CB: Seeing more of the world. 

TIP: What is your favourite thing about Gananoque?
CB: Its beauty and relaxed pace. 

TIP: What led you to improv?
CB: We like to call Loose Moose Theatre (where we all started) the Island of Misfit Toys. It was a place we just felt like we fit in, and I love knowing someone has my back.

TIP: What is your favourite part of dating? Why?
CB: Getting to know someone on a deeper level. And, the butterflies in your stomach. 

TIP: What is your favourite dating activity (dining out, long walks on the beach, quiet night in, wild night out on the town)… why? 
CB: My God! I’d take them all. Variety is the spice of life. 

There is only one week left to catch Christy as Mimi the Clown in Blind Date, now playing until July 26 at the Firehall Theatre. Tickets are going fast, so make sure to call the Box Office today, or book your tickets online here.

Follow Christy on Twitter @christybruce11
Follow Blind Date on Facebook Blind Date OnStage and Twitter @BlindDateOnTour

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TIP Spotlight: W. Joseph Matheson of The Pirates of Penzance!

Modern Major Genera - POP - TIP2015Name: W. Joseph Matheson

Hometown: Alliston, Ontario (born Saskatoon)

What would your pirate nickname be?: Lefty

Role in Pirates of Penzance: (Modern) Major General Stanley

  1. If you could have one super power what would it be?
    Curing cancer
  2. What’s at the top of your bucket list?
    A long trip to Italy.
  3. What is your favourite thing about Gananoque?
    The fireflies.
  4. What led you to musical theatre/singing or acting in general?
    Wanting to tell stories.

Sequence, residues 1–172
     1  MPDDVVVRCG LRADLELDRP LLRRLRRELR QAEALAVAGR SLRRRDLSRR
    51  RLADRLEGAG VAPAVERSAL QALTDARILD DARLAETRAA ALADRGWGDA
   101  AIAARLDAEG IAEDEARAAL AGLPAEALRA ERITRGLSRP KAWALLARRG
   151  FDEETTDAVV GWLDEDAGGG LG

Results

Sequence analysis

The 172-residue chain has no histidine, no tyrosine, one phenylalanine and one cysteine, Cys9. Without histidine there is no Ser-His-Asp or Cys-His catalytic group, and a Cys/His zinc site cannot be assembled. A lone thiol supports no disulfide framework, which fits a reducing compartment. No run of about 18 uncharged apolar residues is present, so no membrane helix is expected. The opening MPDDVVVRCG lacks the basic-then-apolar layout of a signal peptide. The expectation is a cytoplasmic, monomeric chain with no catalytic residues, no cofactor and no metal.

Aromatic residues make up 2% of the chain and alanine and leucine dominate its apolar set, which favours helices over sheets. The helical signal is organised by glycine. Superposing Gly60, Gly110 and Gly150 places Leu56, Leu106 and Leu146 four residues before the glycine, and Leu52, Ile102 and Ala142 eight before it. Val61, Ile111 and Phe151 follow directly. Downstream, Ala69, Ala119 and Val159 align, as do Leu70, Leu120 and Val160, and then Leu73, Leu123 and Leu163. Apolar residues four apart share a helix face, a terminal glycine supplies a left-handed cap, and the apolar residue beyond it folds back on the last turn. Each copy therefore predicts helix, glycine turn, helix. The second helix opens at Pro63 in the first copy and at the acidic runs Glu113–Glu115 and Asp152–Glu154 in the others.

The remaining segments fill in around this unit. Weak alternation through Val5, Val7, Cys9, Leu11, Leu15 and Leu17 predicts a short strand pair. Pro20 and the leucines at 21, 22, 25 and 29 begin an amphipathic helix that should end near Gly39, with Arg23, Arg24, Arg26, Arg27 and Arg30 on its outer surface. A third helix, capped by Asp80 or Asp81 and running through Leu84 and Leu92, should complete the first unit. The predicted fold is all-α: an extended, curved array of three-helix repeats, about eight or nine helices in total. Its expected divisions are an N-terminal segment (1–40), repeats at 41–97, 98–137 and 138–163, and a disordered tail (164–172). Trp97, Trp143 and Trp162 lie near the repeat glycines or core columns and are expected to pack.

5. You’ve crashed your pirate ship on one of the Thousand Islands. What would you name the island?
    Ottawa. Just to confuse U.S. Border patrols.
  6. What is your signature pirate look… why?
    Eye Patch and a hook (“Lefty”).

Don’t miss Joe in The Pirates of Penzance only playing until Saturday, July 18th! You can buy your tickets today online or at the Box Office: 613-382-7086.

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CLOSER THAN EVER: Spotlight on Steven Greenfield

Name: Steven Greenfield
Nickname: Steveo
Hometown: Calgary, Alberta

If you could have one super power what would it be?
Time manipulation.

What’s at the top of your bucket list?
Being on an original cast recording.

If you could name one of the Thousand Islands what would you call it?
JVR Archipelago

What is your favourite thing about Gananoque?
HMG’s Silver Cinema! It’s so adorably whimsical!

What life lesson has made you stronger as a person?
Changing who you are in order to be “right” for something then makes you “wrong” for something else. Be authentic!

Have there been any unexpected doors that have opened for you that have led you to where you are today?